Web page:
As F1 heads to Hungary for the 2020 Hungarian Grand Prix, let rewind to 2006 and relive a classic Hungarian GP.
With 11 teams, different tyre manufacturers and Fernando Alonso at his peak, the 2006 Hungarian GP marked the 13th round of the season with a real title battle between the Spaniard and Michael Schumacher.
PracticeEmbed from Getty Images
FP1 saw plenty of surprises as McLaren’s Kimi Raikkonen topped the timesheets from Anthony Davidson and Michael Schumacher, whilst both Renault and Red Bull cars failed to set a time.
FP2 however saw a true picture emerge as Felipe Massa finished fastest for Ferrari ahead of the Renaults of Alonso and Giancarlo Fisichella with 1.411s separating the trio.
Michael Schumacher topped FP3 from Massa with Robert Kubica and Rubens Barrichello popping up in fourth, ahead of the Renaults of Alonso and Fisichella.
QualifyingEmbed from Getty Images
Alonso carried a two second penalty into qualifying for overtaking under yellow flags in practice, which meant that two seconds would be added to each of his lap times throughout Qualifying.
Michael Schumacher also received the same punishment for overtaking Alonso and Kubica under a red flag in FP3.
Both drivers consequently suffered Q2 exits in 15th and 12 positions respectively, although Schumacher benefitted from a engine penalty for Jenson Button who qualified fourth but dropped to 14th as a result of his ten place grid penalty.
Christijan Albers also received an engine penalty after changing his power unit, but the Dutchman had qualified in 21st so only dropped one position to prop up the field.
Raikkonen meanwhile took pole with a 1m 19.599 ahead of Massa and Barrichello, as Pedro de la Rosa, Mark Webber, Ralf Schumacher, Fisichella, Jarno Trulli, Kubica and Nick Heidfeld completed the top ten once penalties had been applied to the grid.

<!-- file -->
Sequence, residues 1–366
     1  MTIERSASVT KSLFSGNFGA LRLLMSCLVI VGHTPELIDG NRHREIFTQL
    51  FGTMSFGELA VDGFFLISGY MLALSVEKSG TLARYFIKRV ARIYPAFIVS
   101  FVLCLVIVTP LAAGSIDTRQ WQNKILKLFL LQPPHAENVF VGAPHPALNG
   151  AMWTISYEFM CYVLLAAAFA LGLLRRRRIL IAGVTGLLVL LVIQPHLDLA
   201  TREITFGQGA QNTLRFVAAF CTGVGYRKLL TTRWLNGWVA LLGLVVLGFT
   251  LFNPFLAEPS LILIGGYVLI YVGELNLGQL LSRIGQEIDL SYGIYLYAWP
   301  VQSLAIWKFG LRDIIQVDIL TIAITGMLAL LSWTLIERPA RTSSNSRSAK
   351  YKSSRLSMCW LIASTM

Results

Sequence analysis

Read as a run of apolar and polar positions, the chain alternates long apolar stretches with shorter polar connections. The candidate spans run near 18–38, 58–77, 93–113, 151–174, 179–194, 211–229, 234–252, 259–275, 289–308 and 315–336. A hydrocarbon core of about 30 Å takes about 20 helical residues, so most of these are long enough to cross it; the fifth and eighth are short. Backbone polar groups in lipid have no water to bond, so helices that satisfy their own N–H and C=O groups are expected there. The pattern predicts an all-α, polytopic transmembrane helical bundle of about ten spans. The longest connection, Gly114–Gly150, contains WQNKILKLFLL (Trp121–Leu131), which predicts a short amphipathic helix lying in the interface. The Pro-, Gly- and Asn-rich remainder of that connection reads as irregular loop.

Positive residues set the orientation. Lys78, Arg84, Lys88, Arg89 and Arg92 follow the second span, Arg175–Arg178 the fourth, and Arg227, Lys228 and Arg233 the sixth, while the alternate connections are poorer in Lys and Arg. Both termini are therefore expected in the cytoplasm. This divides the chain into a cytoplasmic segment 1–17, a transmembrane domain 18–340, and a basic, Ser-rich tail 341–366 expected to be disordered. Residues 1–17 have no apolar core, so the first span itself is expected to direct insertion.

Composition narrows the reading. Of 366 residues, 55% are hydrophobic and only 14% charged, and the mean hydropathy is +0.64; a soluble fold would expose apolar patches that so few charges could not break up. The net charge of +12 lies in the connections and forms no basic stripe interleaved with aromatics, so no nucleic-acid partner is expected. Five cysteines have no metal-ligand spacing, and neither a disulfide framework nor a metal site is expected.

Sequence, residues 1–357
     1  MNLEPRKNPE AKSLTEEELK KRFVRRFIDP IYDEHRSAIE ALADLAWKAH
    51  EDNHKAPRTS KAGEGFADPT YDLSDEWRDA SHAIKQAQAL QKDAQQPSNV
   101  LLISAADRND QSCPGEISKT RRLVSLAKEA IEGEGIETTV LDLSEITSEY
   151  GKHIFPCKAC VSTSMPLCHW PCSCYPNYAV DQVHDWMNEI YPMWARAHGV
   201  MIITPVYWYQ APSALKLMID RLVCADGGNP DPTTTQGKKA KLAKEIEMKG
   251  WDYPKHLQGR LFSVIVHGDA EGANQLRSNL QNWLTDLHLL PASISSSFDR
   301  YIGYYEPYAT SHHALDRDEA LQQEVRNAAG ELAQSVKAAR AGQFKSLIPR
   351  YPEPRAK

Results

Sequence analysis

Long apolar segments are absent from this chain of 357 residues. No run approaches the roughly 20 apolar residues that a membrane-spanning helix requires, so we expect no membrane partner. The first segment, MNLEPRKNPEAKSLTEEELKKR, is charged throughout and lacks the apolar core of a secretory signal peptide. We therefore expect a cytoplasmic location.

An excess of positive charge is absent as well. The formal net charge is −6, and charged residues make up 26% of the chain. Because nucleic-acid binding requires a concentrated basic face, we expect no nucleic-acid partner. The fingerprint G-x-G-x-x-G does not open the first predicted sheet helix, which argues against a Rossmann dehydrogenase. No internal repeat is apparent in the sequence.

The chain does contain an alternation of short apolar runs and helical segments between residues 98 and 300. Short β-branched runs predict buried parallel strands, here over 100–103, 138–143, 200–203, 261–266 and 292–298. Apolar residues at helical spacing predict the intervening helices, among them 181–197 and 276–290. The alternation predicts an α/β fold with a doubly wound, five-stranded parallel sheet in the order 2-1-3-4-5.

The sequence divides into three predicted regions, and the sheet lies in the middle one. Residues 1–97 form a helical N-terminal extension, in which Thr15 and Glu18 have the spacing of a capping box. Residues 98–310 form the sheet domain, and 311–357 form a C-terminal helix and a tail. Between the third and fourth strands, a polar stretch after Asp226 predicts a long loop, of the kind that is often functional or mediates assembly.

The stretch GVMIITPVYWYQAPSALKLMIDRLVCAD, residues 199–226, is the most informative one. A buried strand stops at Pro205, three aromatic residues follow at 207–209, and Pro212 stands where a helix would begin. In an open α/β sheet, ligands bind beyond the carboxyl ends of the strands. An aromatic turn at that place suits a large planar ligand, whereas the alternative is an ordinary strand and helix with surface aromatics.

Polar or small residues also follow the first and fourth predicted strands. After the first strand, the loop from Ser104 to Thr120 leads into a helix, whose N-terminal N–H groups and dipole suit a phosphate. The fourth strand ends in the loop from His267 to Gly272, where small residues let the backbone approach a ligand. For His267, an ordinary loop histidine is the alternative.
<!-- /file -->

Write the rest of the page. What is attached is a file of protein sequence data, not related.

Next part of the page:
RaceEmbed from Getty Images
As the Hungaroring celebrated the 21st Hungarian GP, rain finally arrived at this race on race day for the very first time, forcing everyone to start on intermediate tyres as Raikkonen raced off into an early lead.
Massa meanwhile made a terrible start which allowed Barrichello and De La Rosa to get past, whilst Michael Schumacher, Button and Alonso had made up several places at the start
Alonso however would soon get pass Schumacher for fifth on lap three and snatch the lead after the opening round of pit stops, as those on Bridgestone tyres began to struggle in the wet conditions.
Michael Schumacher’s day took a disastrous turn when he lost his front wing whilst battling Fisichella for fifth, consequently putting him a lap down.
Button soon afterwards made moves on Massa, Fisichella and Schumacher whilst Raikkonen struggled on his second set of tyres to the extent that he ended up crashing into Vitantonio Luizzi’s Toro Rosso to end their races and trigger a safety car.Embed from Getty Images
Alonso pitted whilst retaining the lead whilst Michael Schumacher was able to get himself back onto the lead lap.
Once the safety car had returned to the pits, Button unleashed a charge on Alonso until he had to pit for more fuel which put him out of the picture until a wheel nut worked loose on Alonso’s car causing him to crash.
Button consequently inherited the lead which he controlled to the flag ahead of Michael Schumacher, who had to retire on lap 67 with suspension damage after failing to pit for dry tyres when the rest of field made their final stops.Embed from Getty Images
Button therefore went on to take his maiden F1 victory after 113 races and would mark the last Honda powered victory until Max Verstappen won the 2019 Austrian GP with Red Bull.
De La Rosa and Heidfeld rounded out the podium placings ahead of Barrichello, David Coulthard, Ralf Schumacher and Massa, whilst Schumacher snatched the final point despite retiring from the race on lap 67.
That point meant that Michael Schumacher had cut his deficit to Fernando Alonso to ten points in the drivers’ championship, with Massa, Fisichella and Raikkonen rounding out the top five as they battled for third place.